Can you pay off your debt while saving for retirement? + MORE Sep 2nd

Canadian housing mortgage rates are all over the map. Don’t get trapped in an unnecessarily costly mortgage agreement.
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 property mortgage

How much income do I need to qualify for a mortgage in Canada? + MORE Apr 18th

Buying a home in Canada isn’t for the faint of heart—or light of wallet. Home prices have steadily trended higher over the past decade, coming to a national average of $698,520 in March 2024. That’s a 75% increase compared to January 2014, and it marks a whopping dollar difference of $398,119,.... More »

Mortgage Professionals Canada promotes broker expertise in newly launched campaign + MORE Oct 17th

Mortgage Professionals Canada (MPC) has unveiled a new national campaign emphasizing the pivotal role mortgage brokers play in guiding Canadians towards their homeownership dreams..... More »

Home prices could hit peak levels by next year, set new highs in 2026: CMHC report + MORE Apr 6th

The Canada Mortgage and Housing Corp. is forecasting home prices could match peak levels seen in early 2022 by next year and reach new highs by 2026..... More »

Family legacy: How to pass along the family cottage—and 3 things to avoid + MORE Nov 22nd

The iconic Canadian cottage stands as a symbol of family traditions, summer getaways and cherished memories. Yet, as the years pass and generations shift, the future of a family cottage can become uncertain, thanks to things like family conflicts, financial implications and differing expectations am.... More »

Bloom unveils new home equity prepaid Mastercard as novel way for seniors to fund retirement + MORE Mar 16th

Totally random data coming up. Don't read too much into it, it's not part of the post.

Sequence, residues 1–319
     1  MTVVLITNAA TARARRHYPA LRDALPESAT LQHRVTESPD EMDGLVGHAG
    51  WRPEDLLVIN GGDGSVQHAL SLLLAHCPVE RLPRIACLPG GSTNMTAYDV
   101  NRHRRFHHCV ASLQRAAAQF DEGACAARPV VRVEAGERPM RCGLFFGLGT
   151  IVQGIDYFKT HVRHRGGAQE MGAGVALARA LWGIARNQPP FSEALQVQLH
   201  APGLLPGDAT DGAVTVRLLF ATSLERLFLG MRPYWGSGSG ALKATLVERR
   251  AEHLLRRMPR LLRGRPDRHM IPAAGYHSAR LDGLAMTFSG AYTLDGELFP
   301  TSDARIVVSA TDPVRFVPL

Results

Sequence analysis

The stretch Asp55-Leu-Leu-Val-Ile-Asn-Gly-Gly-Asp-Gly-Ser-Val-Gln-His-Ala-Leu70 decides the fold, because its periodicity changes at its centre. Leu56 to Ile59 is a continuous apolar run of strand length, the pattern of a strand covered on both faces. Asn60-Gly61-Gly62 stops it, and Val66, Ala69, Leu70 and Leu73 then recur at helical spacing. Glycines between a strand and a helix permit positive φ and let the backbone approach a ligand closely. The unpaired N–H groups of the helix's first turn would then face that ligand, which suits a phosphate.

A first-of-its-kind product by Toronto-based Bloom Financial is offering an innovative solution for seniors struggling to fund their retirement in the face of rising costs..... More »
Despite facing mortgage payment increases of roughly 10% to 20%, BMO says the majority of its mortgage clients are having no issues with their renewals.

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Scotiabank continued to deliberately slow its mortgage lending in the third quarter amid heightened economic risk and as part of its plan to be more selective with onboarding new clients.

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We are a blended family. My husband, at 50 years old, owns a home with a $330,000 variable-rate mortgage. He rents it out for $3,400 per month, which covers the mortgage plus about $1,000. He’s also maxed out his $50,000 line of credit. He has $200,000 in an RRSP and has a company pension. He has no RESP saved for his 17-year-old son and is expected to pay $8,000 in tuition fees, starting this September. 

At 47 years old, I have a single-family home with a $760,000 variable-rate mortgage. This is where our family lives. We are boarding an international exchange student and plan to receive a monthly stipend of $1,200. I have $200,000 saved in an RRSP. I have $60,000 saved in an RESP for my 14-year-old son’s education. Any unused amount will be converted to my RRSP. 

We have a cohabitation agreement where we agreed to keep our assets and debts separate. 

My goal is to retire by age 65. However, my husband is unable to pay down his mortgage as he swallows his line of credit every five years…

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